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  1064: Universal Church of the Kingdom of God, Finsbury Park, London

Universal Church of the Kingdom of God, Finsbury Park, London

Mystery Worshipper: Schadenfreude.
The church: Universal Church of the Kingdom of God, The Rainbow Theatre, Seven Sisters Road, Finsbury Park, London.
Denomination: The Universal Church of the Kingdom of God (UCKG). The Finsbury Park UCKG houses their UK headquarters, and they have strong links with sister churches in Portugal and South America, as was borne out by the two main speakers, who both had Spanish / Portuguese / South American accents.
Comment: We have received a comment on this report.
The building: The church is a converted cinema. You can't miss it from the outside, as it's big, on a busy main road opposite the tube, and not backward in coming forward, with big banners advertising its presence. That's nothing compared to inside. You can tell it used to be a cinema, and they've done a great job of converting it. You walk into a huge foyer, which has a fountain, reception area, café, balcony, bookshop and lots of doors leading off in all sorts of directions. From there, you go through any one of several big double doors and into the main auditorium. It's enormous! The rows of seats are still the original cinema seats – velvet covered armchairs in rows with fold down seats. There is a huge stage set which looks like something from the Arabian Nights, complete with palm trees. The whole effect is tremendously impressive.
The church community: There was a fairly wide spread of ages, from a few teenagers up to pensioners. The congregation was predominantly black, and there were more women than men. As you might guess from the name, the church is also heavily involved in social activities from computer training and English classes to counselling.
The neighbourhood: The church is right by Finsbury Park tube, a major transport interchange, and a kind of "in between" place: between upmarket Highbury and Crouch End on the one hand, and slightly less "des res" Holloway and Manor House on the other. It's a very ethnically diverse area, with north Africans a significant community, and home to Finsbury Park Mosque (just around the corner and opening again soon in a new, more respectable format).
The cast: As seems to be common in all too many churches, those leading the service did not introduce themselves. The service started when three suited men walked onto the stage at the front of the auditorium, and everyone stood. The main speaker, a clean cut man in his forties, was wearing a Church of England type maroon shirt with a dog collar and referred to himself once or twice in the third person as "Bishop".

What was the name of the service?
Sunday 10am service. The church runs services more or less round the clock 7 days a week. Sunday is referred to as "the strongest day".

How full was the building?
In such a big space, it's difficult to be to sure. There were probably around 200-300 people at the start, and 500-600 later. I would guess the auditorium probably seats around 1,000, though, and there was plenty of space.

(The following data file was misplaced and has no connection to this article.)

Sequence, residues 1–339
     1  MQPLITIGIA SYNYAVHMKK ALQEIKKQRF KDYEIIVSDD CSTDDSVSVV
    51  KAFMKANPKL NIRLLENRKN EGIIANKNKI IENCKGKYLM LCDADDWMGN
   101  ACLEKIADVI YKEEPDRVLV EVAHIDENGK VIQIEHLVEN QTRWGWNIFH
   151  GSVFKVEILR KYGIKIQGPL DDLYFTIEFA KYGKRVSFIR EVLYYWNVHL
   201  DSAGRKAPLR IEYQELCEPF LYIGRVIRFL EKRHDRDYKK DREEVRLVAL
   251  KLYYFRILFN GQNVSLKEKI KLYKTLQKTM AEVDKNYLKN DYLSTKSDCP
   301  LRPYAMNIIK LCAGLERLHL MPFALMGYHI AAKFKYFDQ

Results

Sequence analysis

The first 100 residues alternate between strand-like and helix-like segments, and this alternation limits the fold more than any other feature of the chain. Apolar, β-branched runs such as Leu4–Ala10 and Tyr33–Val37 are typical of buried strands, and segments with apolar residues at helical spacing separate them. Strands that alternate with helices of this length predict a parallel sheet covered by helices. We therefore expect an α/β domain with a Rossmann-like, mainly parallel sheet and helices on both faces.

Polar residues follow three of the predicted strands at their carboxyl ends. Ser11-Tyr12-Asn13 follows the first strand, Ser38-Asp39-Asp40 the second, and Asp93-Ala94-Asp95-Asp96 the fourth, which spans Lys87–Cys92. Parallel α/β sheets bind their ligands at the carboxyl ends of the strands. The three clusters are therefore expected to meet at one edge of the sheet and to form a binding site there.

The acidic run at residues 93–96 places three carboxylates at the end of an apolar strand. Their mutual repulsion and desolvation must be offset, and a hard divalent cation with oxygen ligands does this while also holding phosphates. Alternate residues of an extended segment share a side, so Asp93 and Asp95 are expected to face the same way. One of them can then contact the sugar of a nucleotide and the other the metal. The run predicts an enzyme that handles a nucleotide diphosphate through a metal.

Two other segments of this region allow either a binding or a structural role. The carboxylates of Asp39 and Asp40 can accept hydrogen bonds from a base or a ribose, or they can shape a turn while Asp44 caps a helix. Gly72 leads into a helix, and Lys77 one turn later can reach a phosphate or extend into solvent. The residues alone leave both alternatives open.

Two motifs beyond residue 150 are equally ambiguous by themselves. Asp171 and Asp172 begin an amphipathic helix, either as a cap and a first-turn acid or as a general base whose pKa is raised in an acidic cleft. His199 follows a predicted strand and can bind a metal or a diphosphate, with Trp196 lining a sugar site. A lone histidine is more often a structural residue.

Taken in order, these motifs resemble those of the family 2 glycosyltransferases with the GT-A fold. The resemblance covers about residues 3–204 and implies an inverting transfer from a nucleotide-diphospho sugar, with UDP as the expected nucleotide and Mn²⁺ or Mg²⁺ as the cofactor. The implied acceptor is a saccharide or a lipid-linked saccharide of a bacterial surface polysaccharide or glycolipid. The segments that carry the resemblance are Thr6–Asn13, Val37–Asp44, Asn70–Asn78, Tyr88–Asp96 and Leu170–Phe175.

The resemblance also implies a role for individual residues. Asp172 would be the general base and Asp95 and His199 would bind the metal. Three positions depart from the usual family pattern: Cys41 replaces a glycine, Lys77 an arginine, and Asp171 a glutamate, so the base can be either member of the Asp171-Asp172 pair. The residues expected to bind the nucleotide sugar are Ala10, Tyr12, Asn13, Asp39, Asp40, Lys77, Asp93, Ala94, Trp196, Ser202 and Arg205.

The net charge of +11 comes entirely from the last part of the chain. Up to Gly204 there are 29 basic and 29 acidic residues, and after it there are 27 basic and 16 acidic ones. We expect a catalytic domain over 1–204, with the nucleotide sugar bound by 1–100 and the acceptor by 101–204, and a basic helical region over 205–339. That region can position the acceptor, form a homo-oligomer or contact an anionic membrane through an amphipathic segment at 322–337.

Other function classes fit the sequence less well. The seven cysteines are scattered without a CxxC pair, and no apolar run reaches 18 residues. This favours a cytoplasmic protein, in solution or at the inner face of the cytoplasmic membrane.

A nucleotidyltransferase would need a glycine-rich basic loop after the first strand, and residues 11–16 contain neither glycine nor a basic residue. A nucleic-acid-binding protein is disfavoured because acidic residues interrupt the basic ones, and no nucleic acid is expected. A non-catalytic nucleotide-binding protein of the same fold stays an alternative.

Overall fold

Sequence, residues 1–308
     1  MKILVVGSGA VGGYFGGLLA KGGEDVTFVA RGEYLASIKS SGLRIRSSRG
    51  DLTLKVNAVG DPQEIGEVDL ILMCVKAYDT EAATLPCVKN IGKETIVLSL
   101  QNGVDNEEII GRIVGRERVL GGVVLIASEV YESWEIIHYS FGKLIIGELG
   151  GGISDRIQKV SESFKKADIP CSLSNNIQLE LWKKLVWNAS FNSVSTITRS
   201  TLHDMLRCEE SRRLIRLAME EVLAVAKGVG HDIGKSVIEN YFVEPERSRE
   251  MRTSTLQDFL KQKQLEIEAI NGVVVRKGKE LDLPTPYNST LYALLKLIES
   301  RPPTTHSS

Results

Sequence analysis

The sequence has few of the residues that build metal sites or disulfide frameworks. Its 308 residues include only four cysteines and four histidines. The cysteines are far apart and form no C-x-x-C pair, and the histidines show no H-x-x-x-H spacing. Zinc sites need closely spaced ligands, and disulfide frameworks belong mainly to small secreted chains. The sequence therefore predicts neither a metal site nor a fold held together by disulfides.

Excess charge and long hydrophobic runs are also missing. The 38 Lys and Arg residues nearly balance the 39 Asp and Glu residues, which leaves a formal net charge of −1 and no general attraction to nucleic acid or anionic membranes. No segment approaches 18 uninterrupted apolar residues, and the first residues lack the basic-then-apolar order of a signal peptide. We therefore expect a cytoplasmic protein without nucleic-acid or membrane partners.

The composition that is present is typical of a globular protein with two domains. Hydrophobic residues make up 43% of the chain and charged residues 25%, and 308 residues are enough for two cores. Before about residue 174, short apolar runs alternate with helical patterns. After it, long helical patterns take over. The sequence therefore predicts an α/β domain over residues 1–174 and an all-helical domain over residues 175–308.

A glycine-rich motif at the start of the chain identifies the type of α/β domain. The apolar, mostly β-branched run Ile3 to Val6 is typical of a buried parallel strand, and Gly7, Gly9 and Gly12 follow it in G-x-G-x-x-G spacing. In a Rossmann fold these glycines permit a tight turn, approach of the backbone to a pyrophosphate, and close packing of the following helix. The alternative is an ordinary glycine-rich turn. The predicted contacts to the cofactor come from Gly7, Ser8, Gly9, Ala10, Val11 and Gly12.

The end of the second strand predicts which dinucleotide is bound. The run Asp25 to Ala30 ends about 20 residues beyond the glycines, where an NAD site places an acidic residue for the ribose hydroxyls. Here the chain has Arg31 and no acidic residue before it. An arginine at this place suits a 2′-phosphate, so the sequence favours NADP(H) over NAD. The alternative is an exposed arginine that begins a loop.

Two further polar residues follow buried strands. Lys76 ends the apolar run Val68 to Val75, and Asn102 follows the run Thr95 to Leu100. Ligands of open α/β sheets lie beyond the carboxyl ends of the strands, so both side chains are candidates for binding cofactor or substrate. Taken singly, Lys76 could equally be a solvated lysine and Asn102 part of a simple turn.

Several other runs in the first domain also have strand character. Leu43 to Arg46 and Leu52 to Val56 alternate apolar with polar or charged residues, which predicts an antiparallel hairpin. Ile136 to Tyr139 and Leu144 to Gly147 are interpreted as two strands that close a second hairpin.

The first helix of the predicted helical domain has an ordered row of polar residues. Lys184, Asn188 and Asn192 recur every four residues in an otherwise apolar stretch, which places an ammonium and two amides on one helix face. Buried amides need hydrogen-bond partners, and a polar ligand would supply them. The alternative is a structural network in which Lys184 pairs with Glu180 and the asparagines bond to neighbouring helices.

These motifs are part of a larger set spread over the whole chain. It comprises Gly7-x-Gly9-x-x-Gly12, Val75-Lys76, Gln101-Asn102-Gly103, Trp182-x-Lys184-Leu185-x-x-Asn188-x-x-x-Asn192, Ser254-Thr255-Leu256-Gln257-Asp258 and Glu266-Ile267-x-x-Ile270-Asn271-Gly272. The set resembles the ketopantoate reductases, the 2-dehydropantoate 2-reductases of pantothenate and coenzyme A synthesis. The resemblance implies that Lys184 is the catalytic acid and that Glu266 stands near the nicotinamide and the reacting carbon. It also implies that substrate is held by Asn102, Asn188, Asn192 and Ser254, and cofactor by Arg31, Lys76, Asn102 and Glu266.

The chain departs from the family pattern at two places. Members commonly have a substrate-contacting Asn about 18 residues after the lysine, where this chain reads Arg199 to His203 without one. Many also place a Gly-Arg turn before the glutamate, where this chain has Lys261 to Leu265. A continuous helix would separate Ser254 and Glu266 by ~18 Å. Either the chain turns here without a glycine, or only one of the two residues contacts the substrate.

Did anyone welcome you personally?
A man sitting at the reception desk said "hello" as I came in, and two or three stewards said "good morning". No one spoke to me during the service.

Was your pew comfortable?
Very – but the seats aren't used much. After everyone stood at the start (see below), it was nearly 40 minutes before anyone sat down again.

How would you describe the pre-service atmosphere?
People sitting around, spread out across the auditorium, chatting to one another. Lots of busy stewards rushing around.

What were the exact opening words of the service?
"Good morning, good morning... blah, blah, blah." I didn't catch any more because the mike the speaker was using was so loud and the acoustics made it difficult to follow. But it must have been something about coming to the front, because nearly everyone went and crowded around at the foot of the stage, following the speaker in a couple of "impromptu" songs, prayers and sermonettes. This went on for about 10-15 minutes. The speaker has a good singing voice.

What books did the congregation use during the service?
After half an hour, we were invited to open our songbooks – "if you have one". If you didn't, no problem, you could "come down to the front and purchase one for '6". Oh, and why not get a copy of the church magazine, too ('1) which had pictures of the new church in Luton? Apart from "What a friend I have in Jesus", the songs weren't known to me.

What musical instruments were played?
One man sitting at the foot of the stage played a keyboard/synthesiser. But it wasn't used much, as many of the songs were unaccompanied and led only by the main speaker. To my surprise, there wasn't much mood music.

Did anything distract you?
Where do I start? The volume of the mike was uncomfortable, to say the least. It made it difficult to understand what was being said, and it completely drowned out everything else. During the singing, all you could hear was the speaker leading at the front. Good job he had a good voice – unlike the woman sitting behind me who was a very enthusiastic and very off-key singer. The weirdest thing, though, was the stewards. There were over 30 of them, men and women, all dressed identically in dark suits (tights and skirts for the women), standing at the sides and at the doors. Together with a few more men in lighter suits and dog collars, they patrolled the aisles, scouring the congregation. The effect was like the US Secret Service on the look out for potential assassins. Call me paranoid, but I began to worry that if I didn't look enthusiastic enough, I might be pulled out of the crowd!